“The previous administration, however, filed an overzealous appeal that resulted in the Hammonds being sentenced to five years in prison,” the statement reads. “This was unjust.”

That resentencing is what prompted the 41-day takeover of the Malheur National Wildlife Refuge in protest, though the Hammonds themselves did not condone the protest and instead quietly returned to prison.

Most of the protesters, including two of Bunkerville rancher Cliven Bundy’s sons, were later acquitted of federal charges.

The White House statement concluded, “Dwight Hammond is now 76 years old and has served approximately three years in prison. Steven Hammond is 49 and has served approximately four years in prison. They have also paid $400,000 to the United States to settle a related civil suit. The Hammonds are devoted family men, respected contributors to their local community, and have widespread support from their neighbors, local law enforcement, and farmers and ranchers across the West. Justice is overdue for Dwight and Steven Hammond, both of whom are entirely deserving of these Grants of Executive Clemency.”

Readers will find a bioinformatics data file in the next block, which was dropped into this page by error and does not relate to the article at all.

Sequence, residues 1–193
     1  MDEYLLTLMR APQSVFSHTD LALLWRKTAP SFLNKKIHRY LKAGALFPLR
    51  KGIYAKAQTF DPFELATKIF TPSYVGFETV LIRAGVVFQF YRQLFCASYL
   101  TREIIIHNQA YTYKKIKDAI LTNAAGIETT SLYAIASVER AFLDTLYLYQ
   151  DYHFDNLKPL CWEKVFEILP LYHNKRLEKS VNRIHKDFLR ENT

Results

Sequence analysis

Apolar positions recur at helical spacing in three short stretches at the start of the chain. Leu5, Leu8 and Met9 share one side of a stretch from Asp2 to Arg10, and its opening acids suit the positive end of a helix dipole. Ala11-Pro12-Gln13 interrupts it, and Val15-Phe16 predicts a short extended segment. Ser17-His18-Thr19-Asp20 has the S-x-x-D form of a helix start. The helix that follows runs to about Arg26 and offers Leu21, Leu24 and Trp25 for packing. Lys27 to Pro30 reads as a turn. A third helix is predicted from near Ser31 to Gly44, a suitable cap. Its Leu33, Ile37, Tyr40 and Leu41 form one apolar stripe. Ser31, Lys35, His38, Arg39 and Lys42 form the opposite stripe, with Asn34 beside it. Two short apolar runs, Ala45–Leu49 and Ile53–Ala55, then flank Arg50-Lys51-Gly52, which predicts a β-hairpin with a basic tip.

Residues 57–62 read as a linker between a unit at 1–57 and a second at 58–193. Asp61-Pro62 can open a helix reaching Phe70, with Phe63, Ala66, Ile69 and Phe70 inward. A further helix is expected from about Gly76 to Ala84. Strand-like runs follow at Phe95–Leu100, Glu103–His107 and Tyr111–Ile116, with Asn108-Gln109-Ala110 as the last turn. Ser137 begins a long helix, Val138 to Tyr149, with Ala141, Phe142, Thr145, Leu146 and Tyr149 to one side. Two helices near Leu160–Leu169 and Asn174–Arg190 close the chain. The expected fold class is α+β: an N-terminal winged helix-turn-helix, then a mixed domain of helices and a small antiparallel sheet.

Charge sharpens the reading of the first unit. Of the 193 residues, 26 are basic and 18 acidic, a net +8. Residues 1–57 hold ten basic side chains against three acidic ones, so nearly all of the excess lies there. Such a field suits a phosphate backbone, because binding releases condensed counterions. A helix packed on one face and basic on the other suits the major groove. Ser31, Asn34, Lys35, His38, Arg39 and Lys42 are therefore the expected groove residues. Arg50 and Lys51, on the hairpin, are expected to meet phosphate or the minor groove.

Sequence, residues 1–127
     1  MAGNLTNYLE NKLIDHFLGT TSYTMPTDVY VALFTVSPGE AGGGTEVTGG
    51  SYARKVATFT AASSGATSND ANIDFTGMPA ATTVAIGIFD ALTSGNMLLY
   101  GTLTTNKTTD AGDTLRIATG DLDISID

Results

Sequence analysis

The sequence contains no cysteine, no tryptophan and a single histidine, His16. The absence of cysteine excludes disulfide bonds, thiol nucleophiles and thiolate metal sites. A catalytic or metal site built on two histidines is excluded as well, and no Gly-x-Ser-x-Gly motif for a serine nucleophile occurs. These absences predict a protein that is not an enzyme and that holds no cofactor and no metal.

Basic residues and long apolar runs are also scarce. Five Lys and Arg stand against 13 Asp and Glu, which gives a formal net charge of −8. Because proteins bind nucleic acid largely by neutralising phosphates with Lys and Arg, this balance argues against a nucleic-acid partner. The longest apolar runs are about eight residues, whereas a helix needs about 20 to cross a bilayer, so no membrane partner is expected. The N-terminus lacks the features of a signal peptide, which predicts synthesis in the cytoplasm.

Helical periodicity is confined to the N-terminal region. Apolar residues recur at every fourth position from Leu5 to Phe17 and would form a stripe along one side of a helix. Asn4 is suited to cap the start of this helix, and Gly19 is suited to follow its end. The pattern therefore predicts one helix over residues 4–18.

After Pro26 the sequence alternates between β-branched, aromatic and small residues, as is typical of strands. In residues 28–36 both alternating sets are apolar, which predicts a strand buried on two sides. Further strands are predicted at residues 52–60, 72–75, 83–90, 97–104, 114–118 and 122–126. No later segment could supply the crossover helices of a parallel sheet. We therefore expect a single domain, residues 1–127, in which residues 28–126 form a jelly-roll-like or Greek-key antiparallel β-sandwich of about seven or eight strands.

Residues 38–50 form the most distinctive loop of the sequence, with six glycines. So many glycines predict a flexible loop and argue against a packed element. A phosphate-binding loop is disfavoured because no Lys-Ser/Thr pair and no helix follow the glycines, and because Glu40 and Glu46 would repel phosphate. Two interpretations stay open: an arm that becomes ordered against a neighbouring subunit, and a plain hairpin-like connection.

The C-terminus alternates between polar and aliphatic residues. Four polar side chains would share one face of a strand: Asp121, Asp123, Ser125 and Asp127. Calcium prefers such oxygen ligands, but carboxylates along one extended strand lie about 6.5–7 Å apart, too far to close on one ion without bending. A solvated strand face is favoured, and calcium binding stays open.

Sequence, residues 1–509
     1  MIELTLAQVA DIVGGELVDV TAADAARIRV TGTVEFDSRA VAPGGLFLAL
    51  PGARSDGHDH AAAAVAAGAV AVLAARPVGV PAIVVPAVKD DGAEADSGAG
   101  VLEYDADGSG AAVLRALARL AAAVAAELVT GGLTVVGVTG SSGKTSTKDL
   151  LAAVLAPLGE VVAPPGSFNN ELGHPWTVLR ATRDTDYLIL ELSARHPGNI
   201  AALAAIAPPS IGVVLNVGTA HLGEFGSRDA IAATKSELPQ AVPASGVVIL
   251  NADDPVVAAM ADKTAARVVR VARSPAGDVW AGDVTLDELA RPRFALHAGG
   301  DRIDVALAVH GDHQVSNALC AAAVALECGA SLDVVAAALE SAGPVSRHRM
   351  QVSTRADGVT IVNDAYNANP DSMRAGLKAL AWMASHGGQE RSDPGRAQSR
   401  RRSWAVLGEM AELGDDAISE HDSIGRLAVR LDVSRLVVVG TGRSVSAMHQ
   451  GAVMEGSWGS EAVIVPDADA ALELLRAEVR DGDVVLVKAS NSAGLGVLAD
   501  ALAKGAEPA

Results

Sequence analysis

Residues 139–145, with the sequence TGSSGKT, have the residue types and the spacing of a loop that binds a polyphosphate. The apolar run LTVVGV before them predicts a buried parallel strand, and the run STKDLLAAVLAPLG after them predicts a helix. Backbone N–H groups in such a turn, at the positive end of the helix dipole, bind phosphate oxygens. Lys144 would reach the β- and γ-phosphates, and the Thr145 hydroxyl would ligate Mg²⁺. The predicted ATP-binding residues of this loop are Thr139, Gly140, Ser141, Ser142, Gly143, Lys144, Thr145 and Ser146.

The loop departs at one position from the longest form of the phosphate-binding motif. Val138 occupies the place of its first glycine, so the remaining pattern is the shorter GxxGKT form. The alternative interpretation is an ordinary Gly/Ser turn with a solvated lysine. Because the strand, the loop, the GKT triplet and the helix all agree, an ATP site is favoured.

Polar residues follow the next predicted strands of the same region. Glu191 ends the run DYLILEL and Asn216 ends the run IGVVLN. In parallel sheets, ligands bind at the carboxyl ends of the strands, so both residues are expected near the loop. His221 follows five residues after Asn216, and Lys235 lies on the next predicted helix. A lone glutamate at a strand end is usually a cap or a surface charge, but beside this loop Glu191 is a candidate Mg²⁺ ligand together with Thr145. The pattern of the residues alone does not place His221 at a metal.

This is an understatement considering that in the five years after the passage of the 1996 anti-terrorism law at least 16 members of self-styled environmental groups ALF and ELF conspired to damage or destroy private and government property. None was sentenced to more than 36 months.

Then there were the two 2012 fires near the Hammonds’ ranch. Though started by lightning strikes, federal authorities used backfires in an attempt to contain the Long Draw and Miller Homestead fires. Instead, the fires consumed nearly 620,000 acres. No one was charged.

In 2000 the National Park Service decided to use a ‘’prescribed’’ burn to clear debris in the Bandelier National Monument area, but when winds picked up the fire destroyed 400 homes and forced the evacuation of 18,000 people in Los Alamos and shut down the nuclear weapons operations at Los Alamos National Laboratory.